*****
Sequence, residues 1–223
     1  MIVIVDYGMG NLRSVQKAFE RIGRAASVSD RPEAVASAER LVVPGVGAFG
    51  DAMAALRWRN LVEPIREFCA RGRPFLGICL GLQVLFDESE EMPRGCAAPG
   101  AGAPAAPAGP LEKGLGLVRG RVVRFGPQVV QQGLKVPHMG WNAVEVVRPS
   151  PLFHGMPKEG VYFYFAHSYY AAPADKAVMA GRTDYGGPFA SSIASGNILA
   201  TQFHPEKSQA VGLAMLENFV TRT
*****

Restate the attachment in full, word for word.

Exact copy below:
Sequence, residues 1–223
     1  MIVIVDYGMG NLRSVQKAFE RIGRAASVSD RPEAVASAER LVVPGVGAFG
    51  DAMAALRWRN LVEPIREFCA RGRPFLGICL GLQVLFDESE EMPRGCAAPG
   101  AGAPAAPAGP LEKGLGLVRG RVVRFGPQVV QQGLKVPHMG WNAVEVVRPS
   151  PLFHGMPKEG VYFYFAHSYY AAPADKAVMA GRTDYGGPFA SSIASGNILA
   201  TQFHPEKSQA VGLAMLENFV TRT